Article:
The first pillar is a pay-as-you-go system. This means that the costs of the Dutch state pension benefits are paid by the workforce in the form of contributions. Additional funding for the Dutch state pension comes from government public funds. So directly or indirectly, everyone contributes to the increasing state pension costs, whether they work or are retired.
Pillar II: Collective Pension Schemes
The second pillar consists of the collective pension schemes. These pension schemes are administered by a pension fund or by an insurance company. Under Dutch law, pension funds are legally and financially independent from the companies. The pension funds will therefore not be directly affected if a company gets into financial difficulties. Most pension money in the Netherlands is managed by pension funds.
Capital funding finances the second pillar. This means that the pensions are financed from the contributions members of the scheme paid in the past and from the return on the investment of these contributions.
No tax is levied on pension contributions. And the growth of pension rights via the pension fund’s investment performance remains untaxed. Pension benefit is only taxed when it is received. This delay in paying tax is even more attractive because the tax rates payable over the future pension benefit will be lower than the tax rates applicable to current income. These tax advantages are a major reason as to why more than 90% of employees in the Netherlands are having a company pension.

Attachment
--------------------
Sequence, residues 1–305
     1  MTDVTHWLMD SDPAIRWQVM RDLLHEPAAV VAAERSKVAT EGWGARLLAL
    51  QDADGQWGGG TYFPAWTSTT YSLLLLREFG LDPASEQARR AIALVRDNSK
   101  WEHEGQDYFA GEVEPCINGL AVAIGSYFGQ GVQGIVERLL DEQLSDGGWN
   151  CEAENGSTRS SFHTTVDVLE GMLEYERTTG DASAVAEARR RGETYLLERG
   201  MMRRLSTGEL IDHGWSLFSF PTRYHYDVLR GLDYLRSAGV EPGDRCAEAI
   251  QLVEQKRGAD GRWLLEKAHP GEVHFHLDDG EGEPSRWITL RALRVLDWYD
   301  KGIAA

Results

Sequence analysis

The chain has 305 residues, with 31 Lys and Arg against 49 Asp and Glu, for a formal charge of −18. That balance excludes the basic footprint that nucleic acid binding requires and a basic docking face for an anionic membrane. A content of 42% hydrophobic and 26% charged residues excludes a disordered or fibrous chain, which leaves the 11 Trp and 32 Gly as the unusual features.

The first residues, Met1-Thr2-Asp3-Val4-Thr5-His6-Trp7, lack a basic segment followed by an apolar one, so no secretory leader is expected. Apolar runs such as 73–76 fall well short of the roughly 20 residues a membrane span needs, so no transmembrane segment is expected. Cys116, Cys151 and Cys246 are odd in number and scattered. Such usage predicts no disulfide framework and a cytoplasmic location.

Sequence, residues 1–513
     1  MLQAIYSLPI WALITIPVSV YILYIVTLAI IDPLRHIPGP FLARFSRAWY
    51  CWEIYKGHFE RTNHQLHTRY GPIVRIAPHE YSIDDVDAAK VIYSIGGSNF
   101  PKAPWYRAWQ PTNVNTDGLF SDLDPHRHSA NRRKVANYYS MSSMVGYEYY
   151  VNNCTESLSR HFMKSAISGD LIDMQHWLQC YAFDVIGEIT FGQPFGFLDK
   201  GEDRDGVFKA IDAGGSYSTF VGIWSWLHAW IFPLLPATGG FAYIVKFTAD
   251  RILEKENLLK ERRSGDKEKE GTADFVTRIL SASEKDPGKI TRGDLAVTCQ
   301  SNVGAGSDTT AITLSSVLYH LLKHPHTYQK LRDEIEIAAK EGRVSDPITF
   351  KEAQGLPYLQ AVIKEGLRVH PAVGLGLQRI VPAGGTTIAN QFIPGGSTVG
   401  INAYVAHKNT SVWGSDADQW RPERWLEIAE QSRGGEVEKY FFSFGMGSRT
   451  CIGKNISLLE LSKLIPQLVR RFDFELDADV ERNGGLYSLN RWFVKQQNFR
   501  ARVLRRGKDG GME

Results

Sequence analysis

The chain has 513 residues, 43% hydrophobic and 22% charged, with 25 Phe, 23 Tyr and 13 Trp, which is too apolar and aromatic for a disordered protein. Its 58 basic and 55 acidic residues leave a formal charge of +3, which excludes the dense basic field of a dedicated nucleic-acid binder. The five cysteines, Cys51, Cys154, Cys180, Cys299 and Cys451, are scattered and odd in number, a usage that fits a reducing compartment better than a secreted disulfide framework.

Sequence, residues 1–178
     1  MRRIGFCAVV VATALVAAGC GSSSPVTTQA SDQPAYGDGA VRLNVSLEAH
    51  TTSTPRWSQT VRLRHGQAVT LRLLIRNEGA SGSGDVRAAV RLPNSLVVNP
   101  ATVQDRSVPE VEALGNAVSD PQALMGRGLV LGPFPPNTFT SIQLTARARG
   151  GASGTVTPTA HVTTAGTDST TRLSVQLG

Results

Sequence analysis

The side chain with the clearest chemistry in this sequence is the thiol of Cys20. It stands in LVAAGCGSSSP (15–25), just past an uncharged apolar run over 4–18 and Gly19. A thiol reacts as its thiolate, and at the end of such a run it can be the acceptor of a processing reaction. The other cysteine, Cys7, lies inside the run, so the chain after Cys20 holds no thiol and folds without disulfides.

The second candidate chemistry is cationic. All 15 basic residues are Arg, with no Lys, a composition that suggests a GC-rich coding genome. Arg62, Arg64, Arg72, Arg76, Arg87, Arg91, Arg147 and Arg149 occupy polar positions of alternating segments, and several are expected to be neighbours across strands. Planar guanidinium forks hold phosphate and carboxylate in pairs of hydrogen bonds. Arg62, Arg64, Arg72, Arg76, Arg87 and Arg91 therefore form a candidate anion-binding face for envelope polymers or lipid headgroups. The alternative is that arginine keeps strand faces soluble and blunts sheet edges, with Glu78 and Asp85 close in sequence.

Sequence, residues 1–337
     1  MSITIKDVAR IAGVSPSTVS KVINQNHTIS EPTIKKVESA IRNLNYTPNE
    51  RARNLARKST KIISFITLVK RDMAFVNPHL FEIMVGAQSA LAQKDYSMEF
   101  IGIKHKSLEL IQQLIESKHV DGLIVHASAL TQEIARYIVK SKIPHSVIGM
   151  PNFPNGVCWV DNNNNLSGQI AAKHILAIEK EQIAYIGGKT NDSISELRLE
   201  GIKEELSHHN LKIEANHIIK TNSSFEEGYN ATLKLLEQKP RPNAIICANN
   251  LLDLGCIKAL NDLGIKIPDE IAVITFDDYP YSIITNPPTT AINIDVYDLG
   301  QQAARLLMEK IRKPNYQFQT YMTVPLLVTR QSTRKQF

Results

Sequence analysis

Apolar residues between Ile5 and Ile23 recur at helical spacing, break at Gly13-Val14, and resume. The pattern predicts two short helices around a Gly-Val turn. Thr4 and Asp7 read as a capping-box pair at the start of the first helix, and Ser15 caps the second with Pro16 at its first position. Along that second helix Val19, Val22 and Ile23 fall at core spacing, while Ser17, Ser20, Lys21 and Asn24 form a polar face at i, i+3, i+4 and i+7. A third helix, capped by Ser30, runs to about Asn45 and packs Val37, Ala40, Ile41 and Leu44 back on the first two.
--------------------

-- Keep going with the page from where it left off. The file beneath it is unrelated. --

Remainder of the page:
Type of Pension Funds
In the Netherlands there are three different types of pension funds:
- Industry-wide pension funds (for a whole sector, such as the civil service, construction industry, hotel and catering industry or the retail sector),
- Corporate pension funds (for a single company or a corporation),
- Pension funds for independent professionals such as medical specialists and dentists.
Pension funds are non-profit organizations and closely watch by two regulators.
There is no obligation by law to become a member of a pension fund. But if the social partners decide to provide a pension scheme for their employees, the government can make a pension scheme mandatory for an entire sector or profession. And this is exactly what our government has done!
Thus, more than 90% of employees have a pension scheme with their employer. And therefore an employer is no longer free to decide for himself whether or not to offer a pension scheme to his employees.
The idea behind this mandatory nature is that it ensures industry-wide pension funds with sufficient economies of scale, enabling cost efficient management of the schemes. Furthermore the mandatory nature means that all employees are members of a good pension scheme. The government wants to create solidarity through compulsory participation. In addition it means that employees can change jobs more easily within the sector without this having an impact on their pension.
Pillar III: Individual Pension Products
Individual pension products form the third pillar. Anyone can purchase a product in the third pillar to meet his requirements. In this way, people can save extra pension, often taking advantage of tax benefits.